Sunday School Lesson – “Jesus Calls His Followers” Luke 5:1-11; 6:13-16

VERSE DISCOVERY: Luke 5:1-11; 6:13-16 (KJV, Public Domain)

Discipleship is more than just putting a title of disciple or follower on an individual.  To be a genuine disciple, one must adhere themselves to a particular teacher and/or teaching and mark their lives after them.

A disciple was one who was all in.  And, for Jesus’ disciples, that’s what His calling literally meant, both physically and spiritually.  Physically, during His three and half years of ministry, these men would follow Jesus everywhere.  As was custom for the disciples of the day, in order to gain a thorough understanding of a teacher and his teachings, a disciple would literally follow the teacher in order to properly learn of him.

Spiritually, no less a dedicated lifestyle and heart-style would be required.  For each of Jesus’ call to one of these chosen men to follow Him, there had to be a positive response on their part.  More than just answering the call physically was required.  There had to be more than just curiosity about this man and what He would do or say next.  There had to be a pull of heart to believe in Him and the words He spoke. 

Some of the names we will learn about are more familiar than others because their stories we have heard of over the years and there is plentiful information about them.  Whereas, some the information is scarce and there’s not that much to go on.  Some names will link us to events for their calling or for certain deeds done, for good or bad.  But all are an integral part of Jesus’ story and that of His followers.  And, all are important to biblical history as a whole.

Four Up-Front (Luke 5:1-11)

 1. “And it came to pass, that, as the people pressed upon him to hear the word of God, he stood by the lake of Gennesaret,

2. And saw two ships standing by the lake: but the fishermen were gone out of them, and were washing their nets.

3. And he entered into one of the ships, which was Simon’s, and prayed him that he would thrust out a little from the land. And he sat down, and taught the people out of the ship.

4. Now when he had left speaking, he said unto Simon, Launch out into the deep, and let down your nets for a draught.

5. And Simon answering said unto him, Master, we have toiled all the night, and have taken nothing: nevertheless at thy word I will let down the net.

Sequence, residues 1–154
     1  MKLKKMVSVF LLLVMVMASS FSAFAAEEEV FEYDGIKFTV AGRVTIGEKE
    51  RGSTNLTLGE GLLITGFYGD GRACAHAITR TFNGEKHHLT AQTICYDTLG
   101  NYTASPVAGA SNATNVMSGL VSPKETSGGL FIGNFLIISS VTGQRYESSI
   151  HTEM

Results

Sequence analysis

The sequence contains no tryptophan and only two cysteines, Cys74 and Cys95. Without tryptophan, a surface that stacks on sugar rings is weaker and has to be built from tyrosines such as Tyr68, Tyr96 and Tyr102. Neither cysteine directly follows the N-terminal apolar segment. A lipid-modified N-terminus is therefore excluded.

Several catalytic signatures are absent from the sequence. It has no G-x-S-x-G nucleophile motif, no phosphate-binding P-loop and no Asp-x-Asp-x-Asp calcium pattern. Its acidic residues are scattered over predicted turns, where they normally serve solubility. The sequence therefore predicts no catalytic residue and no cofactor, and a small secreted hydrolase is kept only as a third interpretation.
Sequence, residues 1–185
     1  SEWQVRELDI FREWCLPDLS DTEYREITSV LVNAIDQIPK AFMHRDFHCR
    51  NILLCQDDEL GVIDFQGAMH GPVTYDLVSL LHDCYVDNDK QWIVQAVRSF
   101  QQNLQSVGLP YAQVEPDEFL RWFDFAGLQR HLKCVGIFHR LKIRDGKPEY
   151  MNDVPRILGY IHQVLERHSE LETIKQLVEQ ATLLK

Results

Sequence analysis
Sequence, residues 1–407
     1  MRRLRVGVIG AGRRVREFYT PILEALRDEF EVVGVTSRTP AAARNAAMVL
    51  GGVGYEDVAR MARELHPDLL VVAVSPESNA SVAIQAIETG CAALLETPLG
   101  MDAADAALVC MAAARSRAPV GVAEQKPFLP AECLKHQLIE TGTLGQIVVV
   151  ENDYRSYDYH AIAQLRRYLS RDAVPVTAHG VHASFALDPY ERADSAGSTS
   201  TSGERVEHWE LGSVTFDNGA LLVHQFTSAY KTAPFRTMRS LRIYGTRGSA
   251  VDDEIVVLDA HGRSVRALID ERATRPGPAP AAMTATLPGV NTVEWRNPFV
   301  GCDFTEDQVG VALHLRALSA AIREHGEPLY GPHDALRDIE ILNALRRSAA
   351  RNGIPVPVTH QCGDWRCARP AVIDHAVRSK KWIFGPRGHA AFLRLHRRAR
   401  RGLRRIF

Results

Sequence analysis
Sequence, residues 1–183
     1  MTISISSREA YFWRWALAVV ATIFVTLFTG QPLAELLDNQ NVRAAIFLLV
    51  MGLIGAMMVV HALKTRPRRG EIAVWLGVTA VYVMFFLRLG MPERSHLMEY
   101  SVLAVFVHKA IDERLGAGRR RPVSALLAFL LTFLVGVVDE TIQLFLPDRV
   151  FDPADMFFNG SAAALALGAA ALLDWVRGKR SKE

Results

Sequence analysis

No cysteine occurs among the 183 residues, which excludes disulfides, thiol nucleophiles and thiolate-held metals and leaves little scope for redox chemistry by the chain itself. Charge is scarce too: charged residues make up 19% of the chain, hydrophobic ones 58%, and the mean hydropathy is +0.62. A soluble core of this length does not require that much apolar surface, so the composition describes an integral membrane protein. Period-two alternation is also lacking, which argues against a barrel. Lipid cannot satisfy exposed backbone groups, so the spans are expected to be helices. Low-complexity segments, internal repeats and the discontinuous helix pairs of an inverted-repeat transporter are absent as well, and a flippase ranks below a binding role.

6. And when they had this done, they inclosed a great multitude of fishes: and their net brake.

7. And they beckoned unto their partners, which were in the other ship, that they should come and help them. And they came, and filled both the ships, so that they began to sink.

8. When Simon Peter saw it, he fell down at Jesus’ knees, saying, Depart from me; for I am a sinful man, O Lord.

9. For he was astonished, and all that were with him, at the draught of the fishes which they had taken:

10. And so was also James, and John, the sons of Zebedee, which were partners with Simon. And Jesus said unto Simon, Fear not; from henceforth thou shalt catch men.

11. And when they had brought their ships to land, they forsook all, and followed him.”

If you grew up in a house with more than one sibling or you took rides with friends at times, before all ran to pile in the vehicle, you would often hear one word yelled out by someone: “Shotgun!”

Shotgun was called by someone who wanted to sit up front; by someone who wanted the more prominent seat.  They didn’t want to be in the back crammed together with the others.  They wanted to be where the driver was, the lead person.

Jesus had many disciples and followers, as you could see in the gathered crowds and in the sending out of the seventy (see Luke 10:1-23).  And then as our lesson points out, He had twelve close disciples.  But, even out of those twelve there were some who were always closer to Jesus and appear in more prominent positions and events than the others.  In this first section of this lesson, we are going to focus on those names of the men who Jesus called first (compare Matthew 4:18-22; Mark 1:16-21).

To get a better understanding of the story of the call of His followers, we are going to have to do some bouncing around with verses.  Some parts of the story will appear in one place, and some in other places with greater detail.  It is my hope to put together a complete picture of events and people before and during their call.